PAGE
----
To Mr. Cyriack Skinner Upon His Blindness

Author: John Milton  | Date: 1656

TO MR. CYRIACK SKINNER UPON HIS BLINDNESS

Cyriack, this three years day these eys, though clear

To outward view, of blemish or of spot;

Bereft of light thir seeing have forgot,

Nor to thir idle orbs doth sight appear

Of Sun or Moon or Starre throughout the year,

Or man or woman. Yet I argue not

Against heavns hand or will, nor bate a jot

Of heart or hope; but still bear vp and steer

Right onward. What supports me, dost thou ask?

The conscience, Friend, to have lost them overply’d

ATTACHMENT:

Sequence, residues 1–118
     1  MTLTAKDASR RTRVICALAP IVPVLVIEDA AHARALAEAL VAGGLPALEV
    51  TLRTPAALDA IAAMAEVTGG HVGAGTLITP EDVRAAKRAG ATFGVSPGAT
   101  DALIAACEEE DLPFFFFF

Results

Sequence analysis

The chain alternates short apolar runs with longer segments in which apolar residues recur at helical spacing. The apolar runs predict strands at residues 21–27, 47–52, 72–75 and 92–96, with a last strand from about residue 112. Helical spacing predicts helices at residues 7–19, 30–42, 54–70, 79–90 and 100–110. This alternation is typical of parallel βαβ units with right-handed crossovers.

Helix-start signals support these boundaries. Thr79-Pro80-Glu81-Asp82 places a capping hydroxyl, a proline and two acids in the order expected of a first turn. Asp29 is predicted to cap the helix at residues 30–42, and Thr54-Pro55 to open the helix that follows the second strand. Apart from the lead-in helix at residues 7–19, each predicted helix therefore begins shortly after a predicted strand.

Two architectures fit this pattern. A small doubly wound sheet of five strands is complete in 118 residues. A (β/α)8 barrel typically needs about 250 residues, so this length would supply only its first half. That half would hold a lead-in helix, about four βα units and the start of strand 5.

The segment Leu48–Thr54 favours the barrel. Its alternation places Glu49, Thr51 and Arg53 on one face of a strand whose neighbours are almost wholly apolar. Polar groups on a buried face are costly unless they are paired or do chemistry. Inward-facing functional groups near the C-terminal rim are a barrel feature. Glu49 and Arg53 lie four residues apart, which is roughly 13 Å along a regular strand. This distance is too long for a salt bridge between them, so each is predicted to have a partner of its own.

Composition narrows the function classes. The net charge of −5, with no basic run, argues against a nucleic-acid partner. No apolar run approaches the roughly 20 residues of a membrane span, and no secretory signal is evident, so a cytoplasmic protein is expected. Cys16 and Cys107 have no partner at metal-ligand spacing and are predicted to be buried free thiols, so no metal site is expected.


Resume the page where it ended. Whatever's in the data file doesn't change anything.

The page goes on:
In libertyes defence, my noble task,

Of which all Europe talks from side to side.

This thought might lead me through the world’s vain mask

Content though blind, had I no better guide.

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Chicago: John Milton, To Mr. Cyriack Skinner Upon His Blindness Original Sources, accessed December 6, 2022, http://originalsources.com/Document.aspx?DocID=QHVZZXI2I7YDJ1F.

MLA: Milton, John. To Mr. Cyriack Skinner Upon His Blindness, Original Sources. 6 Dec. 2022. http://originalsources.com/Document.aspx?DocID=QHVZZXI2I7YDJ1F.

Harvard: Milton, J, To Mr. Cyriack Skinner Upon His Blindness. Original Sources, retrieved 6 December 2022, from http://originalsources.com/Document.aspx?DocID=QHVZZXI2I7YDJ1F.